This means perfect or really well done. And we use it when something is perfect without any problems at all.

  • Her performance was impeccable.

We also often say that someone’s behaviour was impeccable.


Okay so now we’ve learnt some new extreme adjectives, let’s test what you know and lock them into your memory.

So this is something that you can definitely do with flashcards at home, you can either pick up a card read the word and try and remember what it means or you can easily work backwards and you can look at the definition and then try to remember the word.

As you get more familiar with the word, you know keep putting them to the back of the pack you know, so they come up less frequently and once you feel a hundred per cent confident with how to use that word and what it means, put it in a separate pile and maybe come back to it at the end of the week or later, a few days later and test yourself. This is gonna help to retain that knowledge, that word, that expression in your head.


In this quick quiz now, I’m gonna show you the definition and I want you to try and remember and tell me what is the correct adjective.

Alright? Like this.


1. Do you remember which adjective means extremely tiring and difficult and demanding great attention and determination

Yes, that’s right! It’s gruelling.


2. Which adjective describes something that is extremely large in size or degree?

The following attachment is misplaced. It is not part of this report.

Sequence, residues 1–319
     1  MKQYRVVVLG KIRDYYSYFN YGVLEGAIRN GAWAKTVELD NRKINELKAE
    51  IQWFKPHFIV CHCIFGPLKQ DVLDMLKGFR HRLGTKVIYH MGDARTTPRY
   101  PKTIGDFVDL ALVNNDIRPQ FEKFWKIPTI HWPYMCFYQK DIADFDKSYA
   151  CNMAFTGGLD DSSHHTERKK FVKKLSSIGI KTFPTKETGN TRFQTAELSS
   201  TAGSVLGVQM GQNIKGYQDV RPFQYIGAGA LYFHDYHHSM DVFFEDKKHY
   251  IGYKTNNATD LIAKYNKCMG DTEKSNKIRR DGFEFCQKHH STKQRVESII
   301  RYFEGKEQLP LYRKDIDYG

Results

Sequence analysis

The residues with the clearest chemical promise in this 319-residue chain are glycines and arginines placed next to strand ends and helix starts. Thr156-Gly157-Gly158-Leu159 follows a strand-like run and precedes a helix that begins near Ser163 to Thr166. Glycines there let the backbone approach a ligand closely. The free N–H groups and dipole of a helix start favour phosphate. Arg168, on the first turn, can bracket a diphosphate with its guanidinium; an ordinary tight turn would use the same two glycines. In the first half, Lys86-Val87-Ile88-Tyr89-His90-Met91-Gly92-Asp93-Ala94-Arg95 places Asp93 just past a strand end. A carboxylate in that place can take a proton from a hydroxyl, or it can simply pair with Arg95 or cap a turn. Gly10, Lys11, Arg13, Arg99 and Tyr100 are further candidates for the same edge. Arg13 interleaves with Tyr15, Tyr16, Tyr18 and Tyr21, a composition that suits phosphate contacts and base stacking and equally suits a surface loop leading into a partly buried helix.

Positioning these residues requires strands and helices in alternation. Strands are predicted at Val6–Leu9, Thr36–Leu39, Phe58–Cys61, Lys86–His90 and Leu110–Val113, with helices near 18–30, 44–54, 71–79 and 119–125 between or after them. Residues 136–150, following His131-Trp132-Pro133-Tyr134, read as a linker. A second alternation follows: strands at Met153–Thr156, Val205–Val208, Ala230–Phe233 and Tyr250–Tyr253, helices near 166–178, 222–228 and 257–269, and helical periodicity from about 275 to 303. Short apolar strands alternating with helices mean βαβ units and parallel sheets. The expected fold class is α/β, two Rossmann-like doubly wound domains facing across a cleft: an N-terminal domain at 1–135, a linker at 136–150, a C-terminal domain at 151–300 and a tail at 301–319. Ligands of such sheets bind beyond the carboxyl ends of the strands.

Immense. Yes.


3. Moving on, we’ve got this one here. How do we describe something that is perfect with no problems or bad parts?

It starts with I. Yes! Impeccable.


4. Next up. Something that is very bad is…

Appalling. That’s right, maybe you can think of some others but we’re looking for appalling.


5. Do you know what the adjective is? Something excellent, beautiful and impressive is?



6. How about this one? When something is very surprising, it’s…

Astonishing. Correct!


7. Just two more to go now. When a person is very careful and they do something with great attention to detail, they are…

Meticulous. You’re right!


8. And the last one? An adjective that means extremely painful, boring or embarrassing.

Excruciating. That’s it!


Did you get them all?

I hope so but don’t go anywhere just yet! I’m gonna test how well you can use these adjectives correctly in a sentence now.


So this time I’m gonna give you the sentence and I want you to complete the sentence with the correct adjective, one of the ones that we’ve just learned, just like this. Now as always, I’m gonna give you a few seconds to think before telling you the answer. In this case: The weather’s been very bad.